4th July, 2019
TOUR RUNNERS REACH HALF-WAY POINT OF 52-MILE MERSEY RACE
BTR Tour Of Merseyside Marks 7th Annual Event
Six Races Over Seven Days Covers 52 Miles
A group of 400 runners have reached the half-way point of the 52-mile BTR Tour Of Merseyside – which continues this evening with a five-mile fancy dress race in Otterspool (Thursday, 4 July)!
This is the seventh consecutive year for the endurance event, which comprises six races across seven days covering 52 miles.
The BTR Tour Of Merseyside (TOM) was created by BTR Liverpool Race Director Alan Rothwell. First staged in 2013, the unique race has gone on to become a real highlight in the North West running calendar.
Once completed, competitors collect the coveted ‘52’ commemorative finishers’ medal and have the right to call themselves a Tourist!
The TOM consists of six races of varying distances and terrain across Liverpool City Region, with races staged in areas of Sefton, Wirral, Liverpool and Knowsley.
The runners have already covered 29 miles, having completed Southport Half Marathon on Sunday (30 June), where runners were guests of Epic Events. The next evening (Monday, 1 July) they ran six miles along Thurstaston beach and trail terrain, followed by 10 miles on the Sustrans Loopline in Walton on Tuesday evening (2 July).
Runners then had a rest day half-way through the week (Wednesday, 3 July).
There are now just three races left in the BTR Tour Of Merseyside 2019.
This evening (Thursday, 4 July), the aspiring Tourists will run five miles along the Liverpool waterfront at Otterspool Promenade. This is the shortest race distance of the week and previous Tourists have now adopted this race as fancy dress day – which always helps to give the runners a lift at this stage of the race.
The challenge will then conclude with six miles cross country at Stadt Moers in Knowsley on Friday evening (5 July), followed by the final 12 miles along the Wirral coast on Saturday morning (6 July).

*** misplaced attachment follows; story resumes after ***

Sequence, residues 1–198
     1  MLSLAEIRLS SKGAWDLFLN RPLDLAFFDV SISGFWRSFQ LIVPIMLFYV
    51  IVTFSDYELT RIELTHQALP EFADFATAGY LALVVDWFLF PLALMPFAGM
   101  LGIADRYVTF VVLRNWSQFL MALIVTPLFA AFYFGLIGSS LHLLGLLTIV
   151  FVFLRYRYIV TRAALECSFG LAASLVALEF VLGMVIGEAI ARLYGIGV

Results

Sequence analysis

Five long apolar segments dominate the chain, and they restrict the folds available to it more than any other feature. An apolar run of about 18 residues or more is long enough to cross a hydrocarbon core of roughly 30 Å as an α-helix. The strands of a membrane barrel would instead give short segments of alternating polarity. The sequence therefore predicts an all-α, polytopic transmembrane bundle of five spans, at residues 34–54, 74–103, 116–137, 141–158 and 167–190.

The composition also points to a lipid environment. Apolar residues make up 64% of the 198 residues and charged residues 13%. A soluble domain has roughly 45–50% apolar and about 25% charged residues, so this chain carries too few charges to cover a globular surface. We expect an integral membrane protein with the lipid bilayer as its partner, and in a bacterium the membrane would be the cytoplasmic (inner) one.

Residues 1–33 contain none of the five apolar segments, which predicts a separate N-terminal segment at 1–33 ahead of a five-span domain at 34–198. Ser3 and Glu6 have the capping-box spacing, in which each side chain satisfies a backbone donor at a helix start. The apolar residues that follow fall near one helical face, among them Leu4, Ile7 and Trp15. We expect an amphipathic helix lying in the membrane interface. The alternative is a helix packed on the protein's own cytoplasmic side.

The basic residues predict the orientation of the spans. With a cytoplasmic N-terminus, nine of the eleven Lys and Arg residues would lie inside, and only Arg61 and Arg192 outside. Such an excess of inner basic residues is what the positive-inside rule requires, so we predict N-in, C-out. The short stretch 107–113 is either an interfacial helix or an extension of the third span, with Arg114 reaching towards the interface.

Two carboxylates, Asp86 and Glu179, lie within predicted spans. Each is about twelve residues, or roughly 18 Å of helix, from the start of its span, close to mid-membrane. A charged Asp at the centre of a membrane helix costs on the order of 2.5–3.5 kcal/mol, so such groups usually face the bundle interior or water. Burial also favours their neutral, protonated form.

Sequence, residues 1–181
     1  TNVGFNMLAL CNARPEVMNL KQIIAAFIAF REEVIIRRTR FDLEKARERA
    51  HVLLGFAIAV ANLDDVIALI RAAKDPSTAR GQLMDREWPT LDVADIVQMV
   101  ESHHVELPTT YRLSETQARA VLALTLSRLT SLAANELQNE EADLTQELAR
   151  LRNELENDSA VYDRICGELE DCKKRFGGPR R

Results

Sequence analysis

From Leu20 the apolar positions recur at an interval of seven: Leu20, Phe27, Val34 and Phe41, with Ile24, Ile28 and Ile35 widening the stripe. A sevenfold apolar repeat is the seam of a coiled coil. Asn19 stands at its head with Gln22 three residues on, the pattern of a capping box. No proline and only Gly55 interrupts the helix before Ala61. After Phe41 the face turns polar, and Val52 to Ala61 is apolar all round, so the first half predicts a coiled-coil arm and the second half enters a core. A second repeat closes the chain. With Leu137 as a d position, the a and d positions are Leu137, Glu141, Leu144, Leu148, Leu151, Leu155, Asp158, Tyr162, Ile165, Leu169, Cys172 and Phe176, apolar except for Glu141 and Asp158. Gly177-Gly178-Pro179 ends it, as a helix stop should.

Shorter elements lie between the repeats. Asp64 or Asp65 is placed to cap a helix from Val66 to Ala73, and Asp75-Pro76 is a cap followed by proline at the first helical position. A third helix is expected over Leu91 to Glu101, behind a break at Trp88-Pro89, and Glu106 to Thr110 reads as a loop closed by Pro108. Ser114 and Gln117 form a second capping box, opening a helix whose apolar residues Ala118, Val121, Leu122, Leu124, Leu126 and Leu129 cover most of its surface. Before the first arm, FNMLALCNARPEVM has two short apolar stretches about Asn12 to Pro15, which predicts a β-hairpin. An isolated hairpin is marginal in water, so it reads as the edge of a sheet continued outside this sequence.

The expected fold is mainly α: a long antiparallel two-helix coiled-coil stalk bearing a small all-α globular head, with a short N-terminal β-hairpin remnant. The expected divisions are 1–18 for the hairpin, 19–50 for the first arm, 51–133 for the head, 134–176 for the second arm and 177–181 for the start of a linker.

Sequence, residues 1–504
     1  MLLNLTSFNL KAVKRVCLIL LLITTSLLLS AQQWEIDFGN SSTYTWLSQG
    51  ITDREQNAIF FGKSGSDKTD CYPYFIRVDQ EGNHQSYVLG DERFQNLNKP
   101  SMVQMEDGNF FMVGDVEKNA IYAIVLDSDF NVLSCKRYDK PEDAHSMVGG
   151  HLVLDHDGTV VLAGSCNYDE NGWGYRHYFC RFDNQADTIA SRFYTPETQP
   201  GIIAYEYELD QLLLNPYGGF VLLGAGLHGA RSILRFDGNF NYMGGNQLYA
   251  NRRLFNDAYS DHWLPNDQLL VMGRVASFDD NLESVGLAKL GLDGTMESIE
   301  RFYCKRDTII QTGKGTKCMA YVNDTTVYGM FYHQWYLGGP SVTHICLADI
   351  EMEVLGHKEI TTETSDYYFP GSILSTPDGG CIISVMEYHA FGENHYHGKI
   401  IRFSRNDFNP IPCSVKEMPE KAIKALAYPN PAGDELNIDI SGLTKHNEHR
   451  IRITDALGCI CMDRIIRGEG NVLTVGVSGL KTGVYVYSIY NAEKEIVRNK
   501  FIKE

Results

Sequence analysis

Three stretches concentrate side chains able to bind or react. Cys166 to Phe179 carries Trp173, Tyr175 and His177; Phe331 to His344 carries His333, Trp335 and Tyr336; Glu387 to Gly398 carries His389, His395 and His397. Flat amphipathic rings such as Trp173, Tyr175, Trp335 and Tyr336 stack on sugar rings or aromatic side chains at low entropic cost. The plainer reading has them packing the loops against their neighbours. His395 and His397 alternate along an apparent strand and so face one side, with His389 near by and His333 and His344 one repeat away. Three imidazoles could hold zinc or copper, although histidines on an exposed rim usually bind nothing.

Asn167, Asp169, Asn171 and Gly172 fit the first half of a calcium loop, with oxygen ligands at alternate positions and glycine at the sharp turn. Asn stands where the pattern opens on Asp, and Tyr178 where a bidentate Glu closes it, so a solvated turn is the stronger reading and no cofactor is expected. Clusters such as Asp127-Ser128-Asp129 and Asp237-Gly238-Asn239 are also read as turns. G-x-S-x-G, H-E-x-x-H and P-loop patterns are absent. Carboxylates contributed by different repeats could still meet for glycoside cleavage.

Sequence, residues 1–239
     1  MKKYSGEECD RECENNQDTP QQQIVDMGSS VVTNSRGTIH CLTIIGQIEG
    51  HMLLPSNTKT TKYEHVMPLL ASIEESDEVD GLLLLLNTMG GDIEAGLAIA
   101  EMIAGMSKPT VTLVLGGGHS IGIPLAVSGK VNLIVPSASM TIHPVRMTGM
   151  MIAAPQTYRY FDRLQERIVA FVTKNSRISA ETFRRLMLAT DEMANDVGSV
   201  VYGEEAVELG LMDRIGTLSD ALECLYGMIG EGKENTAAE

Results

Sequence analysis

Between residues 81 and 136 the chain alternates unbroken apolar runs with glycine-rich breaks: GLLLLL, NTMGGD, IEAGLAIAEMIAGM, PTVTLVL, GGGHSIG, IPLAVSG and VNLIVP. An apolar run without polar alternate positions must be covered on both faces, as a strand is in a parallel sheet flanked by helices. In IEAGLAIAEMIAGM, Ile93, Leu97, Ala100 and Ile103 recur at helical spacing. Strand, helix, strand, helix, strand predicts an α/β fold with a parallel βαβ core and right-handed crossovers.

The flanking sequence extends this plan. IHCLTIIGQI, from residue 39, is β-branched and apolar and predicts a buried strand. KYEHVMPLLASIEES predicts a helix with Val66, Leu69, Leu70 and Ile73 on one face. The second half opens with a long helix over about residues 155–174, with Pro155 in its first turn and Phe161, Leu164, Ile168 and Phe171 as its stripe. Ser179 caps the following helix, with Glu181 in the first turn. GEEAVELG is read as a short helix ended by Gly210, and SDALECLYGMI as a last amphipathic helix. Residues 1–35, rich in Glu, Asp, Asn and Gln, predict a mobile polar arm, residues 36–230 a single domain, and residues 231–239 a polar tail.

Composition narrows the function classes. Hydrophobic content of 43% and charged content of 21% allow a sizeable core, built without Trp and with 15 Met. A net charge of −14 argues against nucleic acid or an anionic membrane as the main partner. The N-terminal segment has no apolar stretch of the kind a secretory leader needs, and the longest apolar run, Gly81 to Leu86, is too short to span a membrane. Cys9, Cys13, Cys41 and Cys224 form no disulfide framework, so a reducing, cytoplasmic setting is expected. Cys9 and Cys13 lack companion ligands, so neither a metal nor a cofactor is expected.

The final race will see the runners set off from New Brighton at 10am and head towards Hoylake with one mile across the beach, and return to New Brighton.
After completing the final race, the Tourists will receive the much sought after ‘52’ commemorative finishers’ medal and a bespoke T-shirt featuring the names of the 2019 Tourists.
Tourists then mark their achievement at a celebration event in Liverpool, which includes a prize presentation and special Tour Of Merseyside video, featuring specially recorded footage from each race day.
During its inaugural year in 2013, a modest 73 runners completed the Tour Of Merseyside. This year’s field includes 15 ever present Tourists who have taken part in all previous six TOM races, including just three women – they are hoping to collect their seventh TOM medal.
Local clubs flying the flag with the most team runners include Penny Lane Striders, BTR Road Runners, Knowsley Harriers, Liverpool Running Club, Warrington RC, and St Helens Striders.
This year’s participants also include runners who have travelled from the Isle of Man, Norway and Thailand especially to take part.
Hoylake-based race organisers BTR Liverpool is the leading independent organisation for creating, managing and delivering headline race events across Liverpool City Region. The BTR event portfolio also includes the BTR Mersey Tunnel 10K, Port Sunlight Road Race 5K and 10K; and BTR Liverpool Santa Dash.
BTR Race Director Alan Rothwell commented:
“We’re already half-way through the BTR Tour Of Merseyside 2019 – and this year’s event is already shaping up to be another incredible year. The camaraderie grows before your eyes with each race, which is what makes the Tour truly unique and special.
“It’s a really tough, tiring week. The aspiring Tourists are juggling work and home life with the preparation for a daily race, so everyone is doing amazing and really throwing themselves into the Tour.
“The atmosphere is electric and the smiles speak for themselves. I’d encourage spectators to come along and cheer on the Tourists, support really does go a long way in getting you over the finish line.”